It’s taken a while, but finally the truth is out there. After all the false pretence, official leaks and political theatre, we now know exactly what the European Union’s priorities are as far as any Brexit negotiation is concerned.
It’s all about the money…it’s always been about the money.
It has to be about the money, because the truth that dare not speak its name in polite politics is that the European Union is in fact one colossal wealth redistribution engine. Not so much a welfare state as welfare for states, and Brexit represents a de facto tax strike.
It’s still not clear exactly how much of the average UK worker’s wage packet Brussels believes it’s entitled to, but we know it’ll more than enough to keep Juncker and the rest of his unelected inner circle in comfort and cognac for the rest of their days. The fact that the EU has been obsessing about the Brexit bill being settled in advance of any trade negotiations shows just how vital the UK’s contributions are in propping up the increasingly rickety superstructure of this increasingly embattled superstate.
At first glance it would appear that the European Union is single minded in its ambition to shaft us one last time before we finally slam the door on this unhappy marriage, but that unity is just a little too polished a little too well rehearsed to be entirely authentic. Since when did all the member states agree anything in 4 months, let alone 4 minutes?
The truth is that the Brussels bureaucrats are facing an existential crisis, and they know it. One member state has already decided to quit the bloc, and the remaining twenty-seven will inevitably turn on each other and Brussels as recipients become contributors and the age of acquiescence bought with confiscated cash finally comes to an abrupt and painful end.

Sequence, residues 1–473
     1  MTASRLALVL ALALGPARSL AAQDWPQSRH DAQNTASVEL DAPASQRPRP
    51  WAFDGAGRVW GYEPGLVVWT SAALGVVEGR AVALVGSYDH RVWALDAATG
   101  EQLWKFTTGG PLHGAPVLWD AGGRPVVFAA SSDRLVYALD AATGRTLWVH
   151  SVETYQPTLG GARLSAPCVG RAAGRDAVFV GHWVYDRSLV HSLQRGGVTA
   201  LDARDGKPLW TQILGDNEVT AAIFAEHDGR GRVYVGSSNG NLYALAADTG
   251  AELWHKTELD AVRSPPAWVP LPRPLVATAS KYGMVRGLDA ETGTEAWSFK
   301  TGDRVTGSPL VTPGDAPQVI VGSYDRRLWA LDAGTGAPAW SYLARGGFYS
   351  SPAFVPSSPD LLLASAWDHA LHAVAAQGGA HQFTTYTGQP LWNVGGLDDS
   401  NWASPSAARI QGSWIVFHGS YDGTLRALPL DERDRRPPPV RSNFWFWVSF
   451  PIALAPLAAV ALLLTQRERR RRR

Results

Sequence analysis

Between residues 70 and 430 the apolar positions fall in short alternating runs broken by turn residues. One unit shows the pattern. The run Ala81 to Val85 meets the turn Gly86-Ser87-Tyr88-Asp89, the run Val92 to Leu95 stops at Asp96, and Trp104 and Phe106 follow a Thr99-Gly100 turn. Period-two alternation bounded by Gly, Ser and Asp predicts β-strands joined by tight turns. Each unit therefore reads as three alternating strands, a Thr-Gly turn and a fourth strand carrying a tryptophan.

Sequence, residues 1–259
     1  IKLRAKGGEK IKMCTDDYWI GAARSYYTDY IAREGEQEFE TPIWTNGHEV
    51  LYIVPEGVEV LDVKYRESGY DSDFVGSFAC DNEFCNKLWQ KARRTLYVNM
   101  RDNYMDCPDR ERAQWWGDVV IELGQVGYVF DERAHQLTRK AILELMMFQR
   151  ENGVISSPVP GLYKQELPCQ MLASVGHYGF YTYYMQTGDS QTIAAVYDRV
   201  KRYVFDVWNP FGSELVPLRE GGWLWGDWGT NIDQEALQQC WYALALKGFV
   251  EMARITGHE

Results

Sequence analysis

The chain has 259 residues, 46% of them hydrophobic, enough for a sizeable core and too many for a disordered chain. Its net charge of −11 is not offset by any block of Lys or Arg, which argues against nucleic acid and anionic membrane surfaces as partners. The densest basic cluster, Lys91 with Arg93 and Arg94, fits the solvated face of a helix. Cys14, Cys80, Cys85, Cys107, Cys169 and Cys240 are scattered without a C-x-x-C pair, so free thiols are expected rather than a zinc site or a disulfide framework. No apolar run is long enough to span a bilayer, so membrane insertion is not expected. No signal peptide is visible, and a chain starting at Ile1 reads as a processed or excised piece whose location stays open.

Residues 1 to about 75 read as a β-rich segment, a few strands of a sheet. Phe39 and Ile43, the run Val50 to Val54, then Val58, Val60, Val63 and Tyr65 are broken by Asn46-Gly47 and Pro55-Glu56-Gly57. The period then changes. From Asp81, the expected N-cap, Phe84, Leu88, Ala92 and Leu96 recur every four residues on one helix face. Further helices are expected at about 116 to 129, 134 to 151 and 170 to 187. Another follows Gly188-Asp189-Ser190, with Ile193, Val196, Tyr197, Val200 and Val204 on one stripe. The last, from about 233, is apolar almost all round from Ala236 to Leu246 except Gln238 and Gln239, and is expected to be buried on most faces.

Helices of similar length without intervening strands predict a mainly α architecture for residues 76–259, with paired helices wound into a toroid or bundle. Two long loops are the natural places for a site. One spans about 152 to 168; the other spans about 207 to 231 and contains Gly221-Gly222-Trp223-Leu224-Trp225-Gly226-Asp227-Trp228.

George Osborne was right during the referendum campaign when he said that Brexit would cause a profound economic shock…but it won’t just be for us.
This looming and inescapable crisis explains why Brussels is so insistent on treating the UK as a supplicant state rather than the union’s second largest economy.
We should get used to this kind of abuse and grandstanding, because it’ll drone on for years before we go and long after we’ve left. Once the European Union collapses under the weight of its own hubris, naturally it’s the Brexiting British who will be blamed. The next Greek debt crisis, blame Brexit. The rise of nationalism, Brexit. Conflict on the Korean peninsula, Brussels will doubtless find a way to blame Brexit for that too. Just look across the ocean to where an increasingly unhinged Hillary Clinton has blamed everything from misogyny to voter stupidity, and even some Machiavellian Russian plot to disguise her own colossal, epoch defining ineptitude and corruption. So will it be with Brexit.
The European Union may appear to be an immovable object, but the nations upon which it has imposed itself are far less interested in penalising one reluctant member state than they are with providing jobs, trade and prosperity for their own voting and taxpaying citizenry. Sooner or later, they will find themselves in direct conflict with Brussels as economic pragmatism collides with the inflexible zeal of the EU’s ideologues.
There is much talk among the pundit classes of a possible future breakup of the EU, but I would say that Brussels’ growing obsession with scoring one last shot of UK cash suggests that process is already underway. Last orders have been called and the tab’s being tallied.
The party’s over.